Tags: crime/law/deviance, government/the state, drugs, medical marijuana, mandatory minimum sentencing, states rights, 06 to 10 mins
Access: New York Times
Summary: This NYT video illuminates the tension between state and federal law in medical marijuana. It focuses on the story of Chris Williams, a medical marijuana producer. Before starting his business, Williams consulted a lawyer and county attorneys. He and his partner gave tours to state lawmakers, who had legalized medical marijuana back in 2004. And while medical marijuana is illegal under national law (the federal government has classified marijuana among the most dangerous drugs), a 2009 memo from the federal Bureau of Justice noted that the government "should not focus federal resources on individuals whose actions are in clear and unambiguous compliance with existing state laws." Williams felt he and his family were safe in operating his business under the law. However, in 2011, the federal government began cracking down on medical marijuana growers in states across the country. Along with many others, Chris Williams was arrested and now faces life in prison. The video documents some of the challenges that he and his son have faced since the arrest. In September 2012, Chris went before a jury and "was convicted on marijuana charges and for possessing firearms during a drug trafficking offense. He is currently behind bars and faces a minimum mandatory sentence of more than 80 years in prison." The video concludes by noting that 75% of Americans support medical marijuana and argues that federal law should be reformed to be consistent with state law and public will. Viewers may reflect on the advantages and disadvantages of medical marijuana and if states should be permitted to develop laws that contradict federal legislation. Do federal minimum sentencing laws make sense in Williams' case?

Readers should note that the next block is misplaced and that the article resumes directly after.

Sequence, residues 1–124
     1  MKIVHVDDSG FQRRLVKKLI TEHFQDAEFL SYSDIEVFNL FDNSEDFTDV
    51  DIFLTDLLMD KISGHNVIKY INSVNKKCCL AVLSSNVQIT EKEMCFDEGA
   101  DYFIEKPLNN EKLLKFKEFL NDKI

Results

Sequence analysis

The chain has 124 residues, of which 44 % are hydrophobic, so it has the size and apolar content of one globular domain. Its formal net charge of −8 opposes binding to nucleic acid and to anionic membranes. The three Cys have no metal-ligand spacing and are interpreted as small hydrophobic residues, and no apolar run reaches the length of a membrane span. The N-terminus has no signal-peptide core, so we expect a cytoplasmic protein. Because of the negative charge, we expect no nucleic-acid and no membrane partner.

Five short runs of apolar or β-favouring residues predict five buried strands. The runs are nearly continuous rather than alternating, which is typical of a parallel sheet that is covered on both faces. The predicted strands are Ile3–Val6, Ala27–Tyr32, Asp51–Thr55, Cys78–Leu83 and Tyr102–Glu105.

Submitted By: Paul Dean
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